Managing Experience Design Lessons from Top Chef‘s “Restaurant Wars”

OK. So I actually have two shows of which I’m an utter fanboy — BSG and Top Chef. Last night’s Top Chef was every season’s most anticipated episode, “Restaurant Wars.” The set-up is that you have two teams of 4 chefs, and they have 24 hours to come up with a restaurant concept, menu (with two options for each course), interior design, and service. It’s an intense and grueling exercise, leaving contestants spent by the end.

I couldn’t watch last night’s episode without realizing how much of it applied to experience design and management. There were three key elements that popped out at me. In order to explain, I have to reveal what transpired so…

Spoiler alert!

Communication. This arises in pretty much every team challenge on Top Chef, as it seems that chefs are terrible communicators. Early on in the service, the Sahana team, Jamie in particular, could see that Radhika, the team lead, was not focusing on the right things. Radhika should have been paying attention to front-of-house, making sure people felt attended to, and instead she kept drifting into the kitchen, where she was more comfortable. Someone, probably Jamie, should have said something to Radhika, but she didn’t. It’s as if she didn’t want to suggest that a teammate is not working up to par. Similarly, Radhika, as team lead, had almost nothing to say to her team, and they managed as little islands of activity. The Sunset Lounge team, for all their problems (and there were many) were in constant communication with each other. And they won.

The lesson: communicate. When things aren’t going well, call them out. Don’t be afraid of offending or upsetting others, particularly in group work. Yes, you have to figure out tactful means of communicating, so that your message will be received, but you can’t not communicate.

Experience matters. The judges all felt that Sahana’s team had the better food (if only by a slight margin), but they lost. Why? Because Fabio rocked the front of the house for Sunset Lounge. He made everyone feel welcome and attended to. He was gracious, even a little flirtatious. When things went wrong, like the undercooked black cod, he apologized and offered to replace it. He recognized that dining is not just about eating, and made the guests feel good about being there.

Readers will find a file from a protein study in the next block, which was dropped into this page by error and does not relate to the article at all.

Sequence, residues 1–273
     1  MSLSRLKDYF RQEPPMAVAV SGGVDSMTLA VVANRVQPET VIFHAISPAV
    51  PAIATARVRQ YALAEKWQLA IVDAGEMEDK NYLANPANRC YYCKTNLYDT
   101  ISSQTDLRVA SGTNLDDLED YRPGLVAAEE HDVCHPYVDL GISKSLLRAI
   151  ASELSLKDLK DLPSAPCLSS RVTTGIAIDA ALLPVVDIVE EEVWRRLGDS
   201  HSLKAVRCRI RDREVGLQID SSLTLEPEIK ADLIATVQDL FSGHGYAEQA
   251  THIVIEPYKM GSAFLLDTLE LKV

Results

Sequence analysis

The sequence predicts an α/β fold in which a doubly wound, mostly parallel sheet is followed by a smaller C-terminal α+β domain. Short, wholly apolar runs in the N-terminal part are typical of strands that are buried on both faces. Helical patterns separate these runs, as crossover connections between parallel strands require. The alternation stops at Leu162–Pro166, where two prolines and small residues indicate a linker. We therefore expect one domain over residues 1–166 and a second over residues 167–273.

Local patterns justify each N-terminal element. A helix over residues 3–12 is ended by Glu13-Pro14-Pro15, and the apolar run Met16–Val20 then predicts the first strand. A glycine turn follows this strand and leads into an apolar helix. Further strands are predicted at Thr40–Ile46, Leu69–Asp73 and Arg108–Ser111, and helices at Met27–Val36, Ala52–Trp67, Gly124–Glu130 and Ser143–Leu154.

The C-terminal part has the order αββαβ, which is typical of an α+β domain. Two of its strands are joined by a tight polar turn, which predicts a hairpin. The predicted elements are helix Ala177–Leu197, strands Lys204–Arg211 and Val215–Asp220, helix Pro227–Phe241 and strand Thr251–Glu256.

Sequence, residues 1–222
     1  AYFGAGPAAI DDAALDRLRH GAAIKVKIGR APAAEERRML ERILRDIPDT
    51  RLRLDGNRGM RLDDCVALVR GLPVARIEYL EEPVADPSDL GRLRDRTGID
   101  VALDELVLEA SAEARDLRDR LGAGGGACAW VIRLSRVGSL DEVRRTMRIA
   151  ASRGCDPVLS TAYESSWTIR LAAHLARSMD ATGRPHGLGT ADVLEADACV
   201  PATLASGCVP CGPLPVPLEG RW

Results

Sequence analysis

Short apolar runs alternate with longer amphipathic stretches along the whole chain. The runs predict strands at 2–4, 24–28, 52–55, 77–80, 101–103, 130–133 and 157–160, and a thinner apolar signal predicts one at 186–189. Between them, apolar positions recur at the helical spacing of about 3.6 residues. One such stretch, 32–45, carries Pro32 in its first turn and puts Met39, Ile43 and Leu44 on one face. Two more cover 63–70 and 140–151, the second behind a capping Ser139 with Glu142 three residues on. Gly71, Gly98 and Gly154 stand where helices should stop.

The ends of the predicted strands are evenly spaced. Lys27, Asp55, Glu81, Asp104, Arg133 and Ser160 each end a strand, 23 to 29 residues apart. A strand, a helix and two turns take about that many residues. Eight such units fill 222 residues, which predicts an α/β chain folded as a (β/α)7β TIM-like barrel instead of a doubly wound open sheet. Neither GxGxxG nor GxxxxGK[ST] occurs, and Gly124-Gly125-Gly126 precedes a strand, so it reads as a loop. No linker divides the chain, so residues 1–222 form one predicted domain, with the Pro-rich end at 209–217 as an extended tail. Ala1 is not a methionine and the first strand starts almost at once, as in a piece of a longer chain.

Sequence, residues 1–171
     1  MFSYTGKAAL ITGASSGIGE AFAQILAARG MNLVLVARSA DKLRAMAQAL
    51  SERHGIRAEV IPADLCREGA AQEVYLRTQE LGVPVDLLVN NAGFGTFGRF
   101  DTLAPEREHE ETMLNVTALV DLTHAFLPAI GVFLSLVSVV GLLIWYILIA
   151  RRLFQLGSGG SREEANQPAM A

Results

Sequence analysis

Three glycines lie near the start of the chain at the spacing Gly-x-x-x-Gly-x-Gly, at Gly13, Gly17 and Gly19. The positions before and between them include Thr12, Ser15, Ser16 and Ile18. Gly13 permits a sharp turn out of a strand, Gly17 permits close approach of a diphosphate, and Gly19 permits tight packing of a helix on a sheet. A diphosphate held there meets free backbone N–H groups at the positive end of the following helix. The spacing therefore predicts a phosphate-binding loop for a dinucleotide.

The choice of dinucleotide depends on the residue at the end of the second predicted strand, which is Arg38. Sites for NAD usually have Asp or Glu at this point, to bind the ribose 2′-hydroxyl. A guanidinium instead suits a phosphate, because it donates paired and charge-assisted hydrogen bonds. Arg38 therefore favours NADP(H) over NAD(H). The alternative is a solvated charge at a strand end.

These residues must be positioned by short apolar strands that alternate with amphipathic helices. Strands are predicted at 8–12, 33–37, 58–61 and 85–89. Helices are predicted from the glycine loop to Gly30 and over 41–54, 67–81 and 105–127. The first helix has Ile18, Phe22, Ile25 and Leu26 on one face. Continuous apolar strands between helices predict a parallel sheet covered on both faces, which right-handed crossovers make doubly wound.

The lesson: Attend to the complete person. Make them feel good. Recognize the role that emotion plays, and don’t assume a superior product will win out self-evidently.

Finish strong. Even though the judges preferred Sahana’s food, the comment cards from the other eaters rated Sunset Lounge’s as better. I trust the judges’ palates here, so the disconnect is revealing. One reason the other eaters preferred Sunset Lounge was the experience, as explained above. More important, though, was that Sunset Lounge finished strong — even the judges said their desserts were the single best component served all night, across both restaurants. Sahana’s dessert was considered among the worst offerings from either team.

Brandon introduced me to the “peak-end rule”, wherein people judge experiences based on either the most extreme aspect (the peak) or how they ended. So, even though the Sunset Lounge’s team’s food was weaker overall, it ended so strong that eaters felt the whole experience was that much stronger.

The lesson: It’s obvious. I know if my practice, though, I have to always remind myself to finish strong, to put that extra effort in at the end.

Book Review: Outliers

I mentioned a while back that I was listening to the audiobook for Malcolm Gladwell’s latest, Outliers. Readers of this blog know I’ve been following Gladwell since before The Tipping Point, and I’ve always been quite critical. I’ve written about how TTP didn’t tie together, Blink had no legitimate argument, and his misunderstanding of the role of paper in the modern office.

Outliers is much the same as his prior two books — a set of distinct, well-researched and engagingly told stories tied together by the barest wisp of connective tissue. The theme of his book seems to be: People become successful because a) they’re given remarkable opportunities others are not and b) they work really really hard. Actually, the theme of his book is “stop thinking that brilliance is inborn; all successful people worked hard at it.” Somehow, this is meant to tie together hockey players, Bill Gates, inner-city students, and airlines pilots who don’t crash planes when faced with trouble.